Growth Fetish

I have written a few consumption driven posts of late, so this is a bit of a balancing and perspective post for me. During the lead up to this Christmas period I have also begun reading Growth Fetish by Clive Hamilton.

It is certainly an interesting time to be reading this book, given the current financial crisis. Growth Fetish was first published in 2003. The basic premise of the book is that the constant mantra of economic growth over the last few decades has not led to a better or happier society.

Clive Hamilton argues that, far from being the answer to our problems, growth fetishism and the marketing society lie at the heart of our social ills. They have corrupted our social priorities and political structures, and have created a profound sense of alienation among young and old.

This book is not an easy read, but it definitely worth the effort. I am only a quarter of the way through it and it has challenged me to think about very personal issues like “What makes me contented?” and “What choices am I making with my consumption patterns?”.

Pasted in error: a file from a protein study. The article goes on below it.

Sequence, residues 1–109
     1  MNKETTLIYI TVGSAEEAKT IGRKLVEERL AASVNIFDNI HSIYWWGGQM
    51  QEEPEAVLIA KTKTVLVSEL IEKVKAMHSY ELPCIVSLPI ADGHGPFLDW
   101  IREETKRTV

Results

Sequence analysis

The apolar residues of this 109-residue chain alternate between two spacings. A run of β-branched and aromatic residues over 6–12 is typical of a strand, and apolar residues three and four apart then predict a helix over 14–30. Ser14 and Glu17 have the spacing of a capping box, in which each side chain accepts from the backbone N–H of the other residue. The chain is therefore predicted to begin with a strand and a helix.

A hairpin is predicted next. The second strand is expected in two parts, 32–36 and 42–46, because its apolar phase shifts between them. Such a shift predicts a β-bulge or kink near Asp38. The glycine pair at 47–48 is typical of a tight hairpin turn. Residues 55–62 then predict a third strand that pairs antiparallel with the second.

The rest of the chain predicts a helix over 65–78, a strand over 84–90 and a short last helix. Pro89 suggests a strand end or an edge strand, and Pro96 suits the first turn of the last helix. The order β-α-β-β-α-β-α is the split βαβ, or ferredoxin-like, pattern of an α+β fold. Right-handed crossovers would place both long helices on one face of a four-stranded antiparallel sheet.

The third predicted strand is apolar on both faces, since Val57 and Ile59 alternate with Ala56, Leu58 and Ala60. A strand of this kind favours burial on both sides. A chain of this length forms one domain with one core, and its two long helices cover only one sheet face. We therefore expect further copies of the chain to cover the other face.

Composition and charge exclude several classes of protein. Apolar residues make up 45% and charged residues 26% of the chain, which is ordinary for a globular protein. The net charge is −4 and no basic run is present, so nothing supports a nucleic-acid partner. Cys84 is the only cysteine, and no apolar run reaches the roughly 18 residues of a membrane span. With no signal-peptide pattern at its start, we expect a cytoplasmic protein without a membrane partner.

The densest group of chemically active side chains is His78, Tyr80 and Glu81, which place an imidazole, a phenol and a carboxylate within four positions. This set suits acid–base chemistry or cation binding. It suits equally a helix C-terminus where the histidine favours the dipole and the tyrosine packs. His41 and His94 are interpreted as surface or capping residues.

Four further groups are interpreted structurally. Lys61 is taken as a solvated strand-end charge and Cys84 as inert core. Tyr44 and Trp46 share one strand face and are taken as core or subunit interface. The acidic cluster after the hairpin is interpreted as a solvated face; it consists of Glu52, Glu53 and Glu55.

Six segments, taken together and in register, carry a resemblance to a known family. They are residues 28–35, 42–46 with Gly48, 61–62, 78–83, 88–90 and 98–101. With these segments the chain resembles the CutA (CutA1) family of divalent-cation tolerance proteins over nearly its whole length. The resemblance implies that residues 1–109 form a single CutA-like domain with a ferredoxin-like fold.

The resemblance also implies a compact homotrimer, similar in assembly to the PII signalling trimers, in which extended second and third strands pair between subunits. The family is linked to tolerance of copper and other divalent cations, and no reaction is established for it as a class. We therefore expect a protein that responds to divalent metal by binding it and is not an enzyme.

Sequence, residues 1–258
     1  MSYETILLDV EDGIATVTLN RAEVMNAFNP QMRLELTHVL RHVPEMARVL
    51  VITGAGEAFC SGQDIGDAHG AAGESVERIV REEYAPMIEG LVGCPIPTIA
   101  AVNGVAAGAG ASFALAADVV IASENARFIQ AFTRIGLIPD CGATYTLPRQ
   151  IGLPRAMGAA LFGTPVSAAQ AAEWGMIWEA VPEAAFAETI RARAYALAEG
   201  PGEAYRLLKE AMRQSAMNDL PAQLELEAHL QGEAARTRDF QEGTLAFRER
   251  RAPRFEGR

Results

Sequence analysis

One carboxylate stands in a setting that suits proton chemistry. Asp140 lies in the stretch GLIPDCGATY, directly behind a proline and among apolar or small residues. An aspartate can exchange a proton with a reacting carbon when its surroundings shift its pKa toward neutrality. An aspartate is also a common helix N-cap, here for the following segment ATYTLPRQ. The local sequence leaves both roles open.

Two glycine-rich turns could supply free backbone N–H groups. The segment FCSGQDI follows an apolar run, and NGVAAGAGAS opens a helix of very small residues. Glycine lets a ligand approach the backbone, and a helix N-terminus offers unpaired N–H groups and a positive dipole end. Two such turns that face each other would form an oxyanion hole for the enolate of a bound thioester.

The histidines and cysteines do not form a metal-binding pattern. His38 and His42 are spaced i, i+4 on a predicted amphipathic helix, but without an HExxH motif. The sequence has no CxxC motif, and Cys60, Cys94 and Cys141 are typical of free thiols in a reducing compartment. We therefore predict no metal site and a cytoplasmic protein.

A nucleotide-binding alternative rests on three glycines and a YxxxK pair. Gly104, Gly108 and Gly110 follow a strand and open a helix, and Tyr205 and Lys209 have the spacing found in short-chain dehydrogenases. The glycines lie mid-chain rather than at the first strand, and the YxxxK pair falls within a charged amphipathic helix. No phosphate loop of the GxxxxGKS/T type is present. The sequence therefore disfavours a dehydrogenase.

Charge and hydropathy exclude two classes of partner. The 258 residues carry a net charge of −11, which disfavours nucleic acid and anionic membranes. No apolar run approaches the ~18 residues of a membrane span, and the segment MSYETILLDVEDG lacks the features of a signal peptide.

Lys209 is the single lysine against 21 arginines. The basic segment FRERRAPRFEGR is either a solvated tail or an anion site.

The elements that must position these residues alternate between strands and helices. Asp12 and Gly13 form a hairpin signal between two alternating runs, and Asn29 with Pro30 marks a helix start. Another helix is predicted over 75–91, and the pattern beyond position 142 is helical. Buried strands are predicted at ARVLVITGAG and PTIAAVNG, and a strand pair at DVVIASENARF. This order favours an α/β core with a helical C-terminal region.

I have a Business degree, so studied economics and like subjects during my time at university. The below explanation of the working of capitalism is the best that I have read.

Modern consumer capitalism will flourish as long as what people desire out paces what they have. It is thus vital to the reproduction of the system that individuals are constantly made to feel dissatisfied with what they have. The irony of this should not be missed: while economic growth is said to be the process whereby people’s wants are satisfied so that they become happier – and economics is defined as the study of how scarce resources are best used to maximise welfare – in reality economic growth can be sustained only as long as people remain discontented. Economic growth does not create happiness: unhappiness sustains economic growth.

Now that the state of economies around the world have fallen off the growth cycle, it will be interesting to see how society changes along with the economy. Economic growth did not bring the happiness that it promised – increased obesity, increased depression and suicide rates show this. What will the economic downturn bring?